Having come from the United States, one of the world’s leading sources of Western Rock, Pop, Electronic/Dance, Hip Hop and R&B music, it was certainly a colorful myriad of experiences for me in this musical hot bed. Even though I was brought up in the city of Pittsburgh (Pennsylvania, USA), my soul cried out to the sounds of Detroit.
In the annals of electronic dance music, there is no place more iconic than Detroit. Detroit was the heart and soul: a collision of social, economic, technological and musical ingredients that launched a new movement worldwide. Without the efforts of a small group of mostly African-American youth from Detroit and its surroundings in the ‘80s and early ‘90s, dance music would be very different today. Many people would say that Electronic music lacks the soul of live music, however in it lies the life of a new digital era – and no James Bond movie would be complete without its signature Electronic Dance Theme song like ‘Tomorrow Never Dies’.
From the birth of Chicago house, the legacy of New York disco to other scenes and sounds around the world (Japanese synth-pop, Italo disco, European EBM, UK Acid, Industrial, Techno, House, and so on), Detroit has, without a shadow of a doubt, proved its influential power over the kingdom of dance music, even till today.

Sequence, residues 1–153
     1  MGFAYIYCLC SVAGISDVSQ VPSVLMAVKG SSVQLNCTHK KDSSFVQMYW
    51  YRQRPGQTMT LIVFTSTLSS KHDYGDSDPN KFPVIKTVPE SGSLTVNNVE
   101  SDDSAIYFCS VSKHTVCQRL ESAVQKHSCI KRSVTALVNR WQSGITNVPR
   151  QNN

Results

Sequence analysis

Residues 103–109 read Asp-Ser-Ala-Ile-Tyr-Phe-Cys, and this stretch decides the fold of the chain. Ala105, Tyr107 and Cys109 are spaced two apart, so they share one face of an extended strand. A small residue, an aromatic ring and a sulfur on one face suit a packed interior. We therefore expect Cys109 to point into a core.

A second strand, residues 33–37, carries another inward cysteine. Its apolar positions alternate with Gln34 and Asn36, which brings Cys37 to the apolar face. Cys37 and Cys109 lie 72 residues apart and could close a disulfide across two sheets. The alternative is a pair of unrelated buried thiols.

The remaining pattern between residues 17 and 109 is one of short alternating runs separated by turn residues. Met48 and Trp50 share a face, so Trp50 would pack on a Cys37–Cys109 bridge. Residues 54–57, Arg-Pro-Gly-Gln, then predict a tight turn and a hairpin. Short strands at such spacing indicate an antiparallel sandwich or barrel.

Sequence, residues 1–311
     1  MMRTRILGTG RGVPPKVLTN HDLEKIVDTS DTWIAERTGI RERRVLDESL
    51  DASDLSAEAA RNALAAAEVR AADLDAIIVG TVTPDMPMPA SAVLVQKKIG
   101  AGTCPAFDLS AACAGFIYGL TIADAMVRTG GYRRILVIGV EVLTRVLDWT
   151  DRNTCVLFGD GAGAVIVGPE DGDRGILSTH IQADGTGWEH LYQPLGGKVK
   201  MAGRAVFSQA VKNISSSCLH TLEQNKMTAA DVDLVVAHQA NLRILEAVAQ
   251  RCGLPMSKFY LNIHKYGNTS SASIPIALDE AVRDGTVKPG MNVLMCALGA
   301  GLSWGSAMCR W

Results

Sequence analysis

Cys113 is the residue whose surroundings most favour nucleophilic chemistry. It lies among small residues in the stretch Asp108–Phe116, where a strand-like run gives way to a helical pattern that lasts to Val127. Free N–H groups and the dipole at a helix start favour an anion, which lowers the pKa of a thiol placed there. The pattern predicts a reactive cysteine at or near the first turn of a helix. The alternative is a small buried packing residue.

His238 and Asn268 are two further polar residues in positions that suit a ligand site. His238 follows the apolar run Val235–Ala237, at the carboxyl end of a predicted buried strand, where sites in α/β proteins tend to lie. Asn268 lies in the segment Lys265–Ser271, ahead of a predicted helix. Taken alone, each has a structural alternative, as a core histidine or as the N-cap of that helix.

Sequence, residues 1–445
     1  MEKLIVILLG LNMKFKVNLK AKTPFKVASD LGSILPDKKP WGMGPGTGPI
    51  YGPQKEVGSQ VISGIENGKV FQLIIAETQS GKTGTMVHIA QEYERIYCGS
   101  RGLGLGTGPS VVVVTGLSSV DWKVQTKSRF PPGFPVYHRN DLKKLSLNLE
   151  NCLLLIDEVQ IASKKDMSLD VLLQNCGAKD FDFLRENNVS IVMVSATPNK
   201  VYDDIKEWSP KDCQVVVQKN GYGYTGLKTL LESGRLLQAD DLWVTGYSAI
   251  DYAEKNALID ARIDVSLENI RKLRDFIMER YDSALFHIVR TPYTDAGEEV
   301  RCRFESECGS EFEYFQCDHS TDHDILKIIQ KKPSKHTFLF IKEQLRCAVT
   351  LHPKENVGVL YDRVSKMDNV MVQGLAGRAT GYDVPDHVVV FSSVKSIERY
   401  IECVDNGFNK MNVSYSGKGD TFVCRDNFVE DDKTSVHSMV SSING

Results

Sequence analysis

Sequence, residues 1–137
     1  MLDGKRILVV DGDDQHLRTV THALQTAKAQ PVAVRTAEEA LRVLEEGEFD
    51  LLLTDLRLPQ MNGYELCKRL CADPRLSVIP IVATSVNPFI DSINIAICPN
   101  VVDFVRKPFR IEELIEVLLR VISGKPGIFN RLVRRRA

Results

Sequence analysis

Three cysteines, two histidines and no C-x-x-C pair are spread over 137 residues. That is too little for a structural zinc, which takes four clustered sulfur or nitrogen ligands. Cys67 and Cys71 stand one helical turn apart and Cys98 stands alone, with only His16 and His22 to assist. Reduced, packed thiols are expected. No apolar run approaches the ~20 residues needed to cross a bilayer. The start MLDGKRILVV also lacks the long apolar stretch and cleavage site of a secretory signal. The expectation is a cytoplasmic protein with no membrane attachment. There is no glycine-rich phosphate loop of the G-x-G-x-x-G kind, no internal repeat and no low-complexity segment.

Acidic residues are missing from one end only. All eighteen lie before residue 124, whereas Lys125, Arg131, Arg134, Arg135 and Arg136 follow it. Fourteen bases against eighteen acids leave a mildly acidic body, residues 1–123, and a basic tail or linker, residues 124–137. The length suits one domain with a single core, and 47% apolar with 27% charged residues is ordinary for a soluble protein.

Moby, an Electronic musician-producer based in New York, is also one of the great musical totems of the electronic dance music scene. A true musical genius, Moby started making music from the young age of 9. He introduced a whole new world of strange sounds, sampling, effects and different world musical cultures fused into electronic music. This was apparent in his hit song ‘Voodoo Child’, where the hypnotic sounds of Africa were blended seamlessly into the techno sounds of Electro. Electro music no longer belonged exclusively to the Western world – it became the sound of the world. Very soon, Electronic music took its dominance over the world, absorbing the sounds and cultures of the different continents and countries that it spanned across. Every year, DJs from all over the world and in the U.S would congregate in celebration of the Miami Winter Music Conference that is held in the month of March (we liken this to the annual ‘ZoukOut’ dance event in Singapore, and the famous ‘Ibiza’ dance party in Spain). It is always exciting to experience different sounds from around the world at such large-scale music parties, where sounds from Japan, Iceland, Europe, America, Brazil, Singapore (yes, even Singapore, with Zouk being ranked the Top 10 club in the world!), Korea, Africa pulsate in one heart beat.
GACKT (the beautiful man)